"Khilake toh dekho (Give me a chance and then see)," Praveen Kumar had said around two years ago when asked about the perception that he is just an ODI bowler. He asked to explain that perception, and the explanation was given: That he doesn't have pace, that he can't be effective with the old ball, and that he can be restrictive but not wicket-taking. The eyebrows rose, a frown dented his face as he said "Khilake toh dekho. I bowl so many overs in the Ranji Trophy and don't I take wickets?" Not many were convinced. Even Jaidev Unadkat, without any experience in first-class cricket, played a Test ahead of him. It must have left him gutted.
All he offered today on the issue after a fine spell in the afternoon to go through the West Indies middle order was: "My job is just to bowl well." Praveen doesn't smile on a cricket ground. He swings the ball often, stares at the batsmen sometimes and lingers on in the middle of the pitch at times with hands on his hips. He looks as if he is angry with the world. Beyond the boundary, though, he smiles if he knows you. "Hasao mat (Don't make me laugh)," he says as he walks into the press meet today.
"It felt good. The ball was swinging both ways. I didn't feel like I was playing my first Test. There were no nerves. I just went according to the plan. I just wanted to concentrate on line and length and for me the ball should swing." It did today. Ask Adrian Barath. The ball curved towards the line of the stumps and then jagged away and took the edge of a batsman who was past his fifty.
All that ODI experience wouldn't have hurt and Praveen was in rhythm today. If "shape" is the mantra for Raina, "rhythm" is the magic word for Praveen. "Sometimes it comes in two overs; sometimes it takes four," Praveen said. "Here, since it's hot, you have to build that rhythm quickly."
Darren Bravo was his next. Again, the ball moved away fractionally to clip the outside edge, before he had Brendan Nash, caught off a leading edge in the slips. Praveen was flowing and a five-for on debut looked within his reach, but he was prevented from bowling further in the innings as he ran on to the danger area thrice. "I was just focussing on what I am bowling and didn't focus on running on pitch and stuff. This is the first time it's happened in my career. It's good that I learned it in my first innings itself."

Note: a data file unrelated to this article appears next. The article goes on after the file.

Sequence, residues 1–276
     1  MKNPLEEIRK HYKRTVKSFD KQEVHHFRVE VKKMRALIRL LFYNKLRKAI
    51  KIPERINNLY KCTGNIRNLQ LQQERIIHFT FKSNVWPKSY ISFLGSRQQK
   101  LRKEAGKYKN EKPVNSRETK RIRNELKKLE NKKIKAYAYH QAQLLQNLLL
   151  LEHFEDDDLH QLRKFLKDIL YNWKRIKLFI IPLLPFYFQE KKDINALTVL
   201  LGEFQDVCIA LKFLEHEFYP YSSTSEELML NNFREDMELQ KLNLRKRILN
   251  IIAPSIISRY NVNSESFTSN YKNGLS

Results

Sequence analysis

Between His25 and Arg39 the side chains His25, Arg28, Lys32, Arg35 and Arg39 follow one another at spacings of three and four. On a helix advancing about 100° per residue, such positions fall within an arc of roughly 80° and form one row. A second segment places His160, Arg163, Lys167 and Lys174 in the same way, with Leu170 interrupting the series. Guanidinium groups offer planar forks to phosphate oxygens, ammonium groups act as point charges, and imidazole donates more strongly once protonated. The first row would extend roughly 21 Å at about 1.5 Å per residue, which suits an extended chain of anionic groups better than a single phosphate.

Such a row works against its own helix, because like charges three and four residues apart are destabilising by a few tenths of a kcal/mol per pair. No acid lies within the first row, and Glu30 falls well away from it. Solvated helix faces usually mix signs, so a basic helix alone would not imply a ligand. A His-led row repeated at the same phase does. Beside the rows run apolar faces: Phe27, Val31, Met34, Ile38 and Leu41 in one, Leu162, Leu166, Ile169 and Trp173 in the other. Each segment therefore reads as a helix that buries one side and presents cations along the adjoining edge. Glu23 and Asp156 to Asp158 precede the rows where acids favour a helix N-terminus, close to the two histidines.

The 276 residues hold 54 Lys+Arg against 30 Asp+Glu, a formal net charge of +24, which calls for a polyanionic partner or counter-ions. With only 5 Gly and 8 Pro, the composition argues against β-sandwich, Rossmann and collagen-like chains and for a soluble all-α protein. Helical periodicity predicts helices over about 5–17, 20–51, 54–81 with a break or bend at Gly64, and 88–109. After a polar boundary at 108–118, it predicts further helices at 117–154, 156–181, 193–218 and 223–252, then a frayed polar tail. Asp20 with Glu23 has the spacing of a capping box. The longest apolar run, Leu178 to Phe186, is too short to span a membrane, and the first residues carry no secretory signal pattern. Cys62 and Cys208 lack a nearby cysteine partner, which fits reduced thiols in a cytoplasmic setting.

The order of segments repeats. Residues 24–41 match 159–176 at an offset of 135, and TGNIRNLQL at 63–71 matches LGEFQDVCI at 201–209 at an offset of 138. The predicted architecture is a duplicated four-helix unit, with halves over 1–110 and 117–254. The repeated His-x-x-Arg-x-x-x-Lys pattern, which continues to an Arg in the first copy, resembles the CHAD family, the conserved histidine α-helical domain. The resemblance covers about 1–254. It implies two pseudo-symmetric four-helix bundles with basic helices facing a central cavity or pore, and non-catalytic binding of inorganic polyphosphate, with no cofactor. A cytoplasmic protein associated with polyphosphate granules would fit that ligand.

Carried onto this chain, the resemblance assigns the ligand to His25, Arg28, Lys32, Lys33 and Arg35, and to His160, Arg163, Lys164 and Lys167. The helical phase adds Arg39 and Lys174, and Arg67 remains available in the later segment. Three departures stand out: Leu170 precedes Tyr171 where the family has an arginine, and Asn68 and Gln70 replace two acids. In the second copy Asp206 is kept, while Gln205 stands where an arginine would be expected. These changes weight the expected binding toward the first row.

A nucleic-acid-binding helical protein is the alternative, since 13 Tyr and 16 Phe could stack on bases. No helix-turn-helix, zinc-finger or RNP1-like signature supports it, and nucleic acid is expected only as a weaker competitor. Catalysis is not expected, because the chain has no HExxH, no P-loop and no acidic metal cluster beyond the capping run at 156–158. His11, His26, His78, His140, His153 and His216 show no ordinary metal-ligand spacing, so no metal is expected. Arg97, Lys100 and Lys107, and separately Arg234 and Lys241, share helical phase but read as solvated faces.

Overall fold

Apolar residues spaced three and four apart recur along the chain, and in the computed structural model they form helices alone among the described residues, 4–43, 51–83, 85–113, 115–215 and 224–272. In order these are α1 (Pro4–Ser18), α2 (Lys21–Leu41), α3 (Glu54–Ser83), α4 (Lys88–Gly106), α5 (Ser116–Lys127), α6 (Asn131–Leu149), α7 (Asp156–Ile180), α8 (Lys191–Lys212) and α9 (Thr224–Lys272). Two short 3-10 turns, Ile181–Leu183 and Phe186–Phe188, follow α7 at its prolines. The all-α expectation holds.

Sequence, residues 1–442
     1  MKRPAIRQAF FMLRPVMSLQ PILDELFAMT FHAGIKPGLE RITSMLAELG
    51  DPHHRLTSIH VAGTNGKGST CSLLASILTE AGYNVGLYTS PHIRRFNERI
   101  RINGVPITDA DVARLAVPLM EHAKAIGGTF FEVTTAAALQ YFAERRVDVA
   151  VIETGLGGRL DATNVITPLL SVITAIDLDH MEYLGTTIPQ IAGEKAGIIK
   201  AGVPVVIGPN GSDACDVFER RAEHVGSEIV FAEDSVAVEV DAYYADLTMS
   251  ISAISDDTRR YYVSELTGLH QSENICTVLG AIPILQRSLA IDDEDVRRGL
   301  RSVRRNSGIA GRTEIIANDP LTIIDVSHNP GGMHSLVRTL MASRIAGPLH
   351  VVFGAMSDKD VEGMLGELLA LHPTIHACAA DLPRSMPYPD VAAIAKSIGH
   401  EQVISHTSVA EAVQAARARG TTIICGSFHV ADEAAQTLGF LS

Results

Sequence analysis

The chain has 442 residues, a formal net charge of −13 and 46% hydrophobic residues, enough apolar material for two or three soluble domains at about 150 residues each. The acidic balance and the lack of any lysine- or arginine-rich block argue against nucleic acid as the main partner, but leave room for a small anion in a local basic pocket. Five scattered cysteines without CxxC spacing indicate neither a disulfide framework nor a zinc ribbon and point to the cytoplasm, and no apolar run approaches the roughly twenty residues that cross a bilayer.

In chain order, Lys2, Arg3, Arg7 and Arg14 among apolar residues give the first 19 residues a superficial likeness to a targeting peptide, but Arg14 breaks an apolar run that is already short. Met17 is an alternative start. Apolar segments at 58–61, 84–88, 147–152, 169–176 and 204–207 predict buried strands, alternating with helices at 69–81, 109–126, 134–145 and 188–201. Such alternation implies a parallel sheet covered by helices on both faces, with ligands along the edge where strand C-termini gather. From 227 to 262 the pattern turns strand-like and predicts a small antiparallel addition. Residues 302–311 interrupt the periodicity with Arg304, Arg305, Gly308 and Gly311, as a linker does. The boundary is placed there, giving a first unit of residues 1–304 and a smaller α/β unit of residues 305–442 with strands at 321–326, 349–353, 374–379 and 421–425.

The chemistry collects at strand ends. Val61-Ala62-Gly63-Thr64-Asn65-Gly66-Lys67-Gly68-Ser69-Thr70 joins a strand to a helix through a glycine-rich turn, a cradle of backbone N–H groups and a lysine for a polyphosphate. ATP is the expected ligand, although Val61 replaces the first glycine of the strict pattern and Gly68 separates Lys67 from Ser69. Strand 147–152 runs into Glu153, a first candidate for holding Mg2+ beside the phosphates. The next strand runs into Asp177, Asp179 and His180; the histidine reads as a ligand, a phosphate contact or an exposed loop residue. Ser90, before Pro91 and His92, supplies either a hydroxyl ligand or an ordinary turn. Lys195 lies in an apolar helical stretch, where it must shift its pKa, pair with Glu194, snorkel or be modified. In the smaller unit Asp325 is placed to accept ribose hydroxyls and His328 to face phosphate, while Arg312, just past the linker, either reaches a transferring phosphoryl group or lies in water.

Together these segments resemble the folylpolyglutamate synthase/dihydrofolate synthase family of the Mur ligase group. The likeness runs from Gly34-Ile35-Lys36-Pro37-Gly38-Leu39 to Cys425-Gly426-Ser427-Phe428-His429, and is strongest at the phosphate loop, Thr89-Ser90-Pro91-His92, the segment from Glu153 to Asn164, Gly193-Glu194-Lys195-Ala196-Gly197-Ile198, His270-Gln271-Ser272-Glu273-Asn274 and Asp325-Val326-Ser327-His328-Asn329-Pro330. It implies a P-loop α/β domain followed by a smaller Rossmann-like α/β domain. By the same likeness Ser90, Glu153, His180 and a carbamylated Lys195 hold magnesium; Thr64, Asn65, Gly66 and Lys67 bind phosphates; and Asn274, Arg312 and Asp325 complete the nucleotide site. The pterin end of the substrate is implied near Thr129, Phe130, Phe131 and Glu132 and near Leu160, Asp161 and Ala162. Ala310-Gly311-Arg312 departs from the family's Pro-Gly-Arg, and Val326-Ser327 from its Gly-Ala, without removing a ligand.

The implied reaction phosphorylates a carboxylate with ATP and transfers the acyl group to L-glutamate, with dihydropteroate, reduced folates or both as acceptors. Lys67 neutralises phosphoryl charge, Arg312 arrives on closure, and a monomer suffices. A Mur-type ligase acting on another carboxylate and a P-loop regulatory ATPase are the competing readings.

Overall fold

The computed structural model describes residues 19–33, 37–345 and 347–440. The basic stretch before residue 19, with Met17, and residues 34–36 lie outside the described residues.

Some might yet not be convinced that he is a Test bowler. What'll happen if the conditions don't suit him? What if he doesn't get the ball to move? Only time will tell. More empirical evidence is needed, of course. He has managed to move the ball in domestic cricket in Indian conditions, though. Many felt he had to lift his pace. "He has to increase his pace a bit and not lose his swing obviously," former India allrounder Manoj Prabhakar, who called him a 'jadugar' (magician), had told ESPNcricinfo more than two years ago. "Then he can trouble international batsmen consistently. I faced such a problem in my early days. I am not talking about express pace or sacrificing it for swing but a little more - that combination of pace and swing hurts the batsman."
It's something many others have told him. During the IPL in South Africa, Kevin Pietersen, Praveen's captain then, urged him to build some muscle and crank up some pace. "Just five to 10 kmph more. No one can touch you." It's an eminently sensible piece of advice, but India has seen one swing bowler in Irfan Pathan falter due to an obsession with pace. Maybe Praveen is wary of going down that route. He just quietly nodded at Pietersen that day, with a smile.
Today, he left the press conference with a smile. What will be a good score for India? "Utna mere ko idea nahi hai. Hoga jitna bi hoga (I have no idea, whatever will happen will happen)." For a man who doesn't smile much on the field, he always brings a smile on your face beyond it.